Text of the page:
I read a great Techrunch post just over a week ago.
Semil Shah highlights how the WhatsApp story challenges some of the Valley’s conventional wisdom e.g.:
- Yahoo doesn’t have talent
- The best founders are young
- Mobile products should be beautiful/delightful
- Personal branding is important
- Don’t worry about making money. Grow big
Now, you can argue that there are many more cases supporting that specific set of conventional wisdoms, or that there are many more conventional wisdoms that weren’t challenged by the acquisition.
That’s not really the point. Continue reading
There’s been a bit of press around the recently released “Silicon Beach Building momentum – A study of the Australian Startup Ecosystem” report.
While I think the authors have done an amazing job of collating the data, I don’t think the local press has grasped the content that well (Fairfax even managed to feature comments from a founder of a non-tech startup) so here’s my 2c.
Do Australian startups think too small? The answer is generally “yes” but there’s some context missing that is essential for understanding that answer.
Let’s look at a key part of the report:
“The data indicates that as a startup ecosystem grows, the appetite for risk also increases. For example, from their bases in larger ecosystems, Silicon Valley entrepreneurs tackle new markets 15% more often than Australian entrepreneurs, while New York entrepreneurs pursue new markets 12% more often.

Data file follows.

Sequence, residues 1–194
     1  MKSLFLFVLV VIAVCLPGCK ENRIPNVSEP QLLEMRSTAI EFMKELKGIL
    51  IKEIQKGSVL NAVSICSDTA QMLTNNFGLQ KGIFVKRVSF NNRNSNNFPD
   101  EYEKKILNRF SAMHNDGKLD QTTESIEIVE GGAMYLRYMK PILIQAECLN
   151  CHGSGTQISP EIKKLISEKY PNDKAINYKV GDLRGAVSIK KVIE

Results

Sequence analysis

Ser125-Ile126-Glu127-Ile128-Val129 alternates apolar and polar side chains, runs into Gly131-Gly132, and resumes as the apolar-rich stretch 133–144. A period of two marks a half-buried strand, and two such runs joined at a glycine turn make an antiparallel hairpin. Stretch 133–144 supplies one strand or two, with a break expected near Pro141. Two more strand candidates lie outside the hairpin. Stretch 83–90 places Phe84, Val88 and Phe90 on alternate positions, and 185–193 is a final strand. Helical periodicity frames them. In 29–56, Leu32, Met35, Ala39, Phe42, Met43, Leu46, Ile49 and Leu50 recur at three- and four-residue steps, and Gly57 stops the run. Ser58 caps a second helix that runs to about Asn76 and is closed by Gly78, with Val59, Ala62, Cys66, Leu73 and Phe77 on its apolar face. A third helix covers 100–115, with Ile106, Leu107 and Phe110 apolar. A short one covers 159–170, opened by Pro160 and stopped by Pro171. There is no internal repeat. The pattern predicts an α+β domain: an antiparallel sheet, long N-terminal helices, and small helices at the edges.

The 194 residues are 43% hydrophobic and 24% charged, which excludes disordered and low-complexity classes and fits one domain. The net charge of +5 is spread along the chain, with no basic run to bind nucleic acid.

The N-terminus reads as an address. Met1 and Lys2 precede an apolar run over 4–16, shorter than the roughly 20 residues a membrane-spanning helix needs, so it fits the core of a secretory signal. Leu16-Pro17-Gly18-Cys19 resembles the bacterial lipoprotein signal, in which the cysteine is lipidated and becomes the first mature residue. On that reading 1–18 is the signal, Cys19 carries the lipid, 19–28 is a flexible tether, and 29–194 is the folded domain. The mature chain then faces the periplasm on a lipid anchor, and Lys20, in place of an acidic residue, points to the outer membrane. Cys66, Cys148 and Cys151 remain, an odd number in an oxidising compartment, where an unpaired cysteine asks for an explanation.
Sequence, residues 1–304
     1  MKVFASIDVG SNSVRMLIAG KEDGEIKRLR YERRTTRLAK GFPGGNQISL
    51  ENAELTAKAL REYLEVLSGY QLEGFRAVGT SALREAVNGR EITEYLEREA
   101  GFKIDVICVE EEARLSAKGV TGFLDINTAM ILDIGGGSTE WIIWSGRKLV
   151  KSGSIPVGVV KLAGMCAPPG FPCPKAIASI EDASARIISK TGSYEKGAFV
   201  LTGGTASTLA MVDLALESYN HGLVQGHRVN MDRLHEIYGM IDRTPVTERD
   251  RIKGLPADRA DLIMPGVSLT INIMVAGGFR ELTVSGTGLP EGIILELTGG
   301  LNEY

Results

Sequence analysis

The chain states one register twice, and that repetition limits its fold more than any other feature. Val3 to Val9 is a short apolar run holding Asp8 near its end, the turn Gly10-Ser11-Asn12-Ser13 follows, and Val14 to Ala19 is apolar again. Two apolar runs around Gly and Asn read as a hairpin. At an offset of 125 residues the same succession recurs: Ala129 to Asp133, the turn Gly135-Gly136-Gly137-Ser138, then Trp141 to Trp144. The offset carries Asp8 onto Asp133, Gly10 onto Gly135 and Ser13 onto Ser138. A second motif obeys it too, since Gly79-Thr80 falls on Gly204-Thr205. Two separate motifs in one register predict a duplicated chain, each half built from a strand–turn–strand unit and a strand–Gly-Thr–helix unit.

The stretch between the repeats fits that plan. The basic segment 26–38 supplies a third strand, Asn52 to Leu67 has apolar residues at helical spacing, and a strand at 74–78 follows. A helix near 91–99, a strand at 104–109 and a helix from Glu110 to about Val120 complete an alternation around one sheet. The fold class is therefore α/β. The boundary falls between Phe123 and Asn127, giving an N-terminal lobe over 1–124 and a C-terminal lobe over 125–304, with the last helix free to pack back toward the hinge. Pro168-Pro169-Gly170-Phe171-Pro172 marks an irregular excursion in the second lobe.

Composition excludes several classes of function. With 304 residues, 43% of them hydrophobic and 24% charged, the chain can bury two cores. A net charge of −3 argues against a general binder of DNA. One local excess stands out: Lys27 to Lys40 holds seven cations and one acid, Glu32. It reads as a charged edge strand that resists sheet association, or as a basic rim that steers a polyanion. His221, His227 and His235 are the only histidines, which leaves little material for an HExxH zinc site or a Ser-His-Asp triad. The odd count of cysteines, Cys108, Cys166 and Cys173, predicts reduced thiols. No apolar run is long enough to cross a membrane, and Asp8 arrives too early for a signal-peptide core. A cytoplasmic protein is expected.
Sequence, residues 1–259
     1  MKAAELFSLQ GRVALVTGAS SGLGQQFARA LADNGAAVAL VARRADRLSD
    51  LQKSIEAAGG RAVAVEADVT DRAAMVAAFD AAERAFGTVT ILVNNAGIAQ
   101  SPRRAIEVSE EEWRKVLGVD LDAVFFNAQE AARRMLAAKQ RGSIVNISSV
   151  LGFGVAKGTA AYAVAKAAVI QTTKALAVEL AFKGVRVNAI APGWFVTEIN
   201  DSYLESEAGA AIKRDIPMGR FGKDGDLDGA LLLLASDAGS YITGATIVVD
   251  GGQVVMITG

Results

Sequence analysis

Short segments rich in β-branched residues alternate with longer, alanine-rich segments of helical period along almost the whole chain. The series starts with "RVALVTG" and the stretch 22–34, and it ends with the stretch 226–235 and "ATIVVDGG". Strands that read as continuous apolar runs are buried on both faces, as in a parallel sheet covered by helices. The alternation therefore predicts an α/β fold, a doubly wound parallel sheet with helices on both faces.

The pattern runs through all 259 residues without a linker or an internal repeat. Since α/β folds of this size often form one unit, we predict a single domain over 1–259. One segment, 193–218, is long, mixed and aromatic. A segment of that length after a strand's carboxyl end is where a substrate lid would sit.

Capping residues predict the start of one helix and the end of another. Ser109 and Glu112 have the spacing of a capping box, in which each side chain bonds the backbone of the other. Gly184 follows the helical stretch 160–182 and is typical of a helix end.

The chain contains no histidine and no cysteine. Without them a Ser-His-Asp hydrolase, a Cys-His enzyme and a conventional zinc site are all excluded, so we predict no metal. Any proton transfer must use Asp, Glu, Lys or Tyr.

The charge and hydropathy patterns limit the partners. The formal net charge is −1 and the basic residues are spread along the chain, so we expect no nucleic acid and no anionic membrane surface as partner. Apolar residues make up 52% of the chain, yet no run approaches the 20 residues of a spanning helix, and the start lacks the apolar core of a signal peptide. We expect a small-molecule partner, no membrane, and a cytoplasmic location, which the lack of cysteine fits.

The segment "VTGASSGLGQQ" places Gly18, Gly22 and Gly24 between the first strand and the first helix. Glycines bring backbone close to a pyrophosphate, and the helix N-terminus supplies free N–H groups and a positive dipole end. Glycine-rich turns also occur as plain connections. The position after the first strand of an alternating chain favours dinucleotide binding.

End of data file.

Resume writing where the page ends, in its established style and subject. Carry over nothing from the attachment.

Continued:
In contrast, Australian entrepreneurs are not as ambitious and tend to tackle much smaller markets. Australian entrepreneurs tackle niche markets 14% more often than entrepreneurs in Silicon Valley and 10% more often than New York entrepreneurs.”
Let’s dissect this a bit.
Here’s the slide deck from the talk I gave recently at Web Directions South 2012
Big thanks to Maxine, John and the whole WDS team for putting on an amazing event and for inviting me along to speak
If you have any questions about the contet feel free to post in the comments